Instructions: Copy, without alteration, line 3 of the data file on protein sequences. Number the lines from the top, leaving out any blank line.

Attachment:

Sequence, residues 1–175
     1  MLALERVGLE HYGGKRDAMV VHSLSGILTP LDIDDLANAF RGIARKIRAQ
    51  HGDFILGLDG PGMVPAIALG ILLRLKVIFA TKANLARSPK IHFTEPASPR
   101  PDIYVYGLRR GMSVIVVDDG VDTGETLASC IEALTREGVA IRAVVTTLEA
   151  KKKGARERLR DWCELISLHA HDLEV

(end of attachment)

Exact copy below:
    51  HGDFILGLDG PGMVPAIALG ILLRLKVIFA TKANLARSPK IHFTEPASPR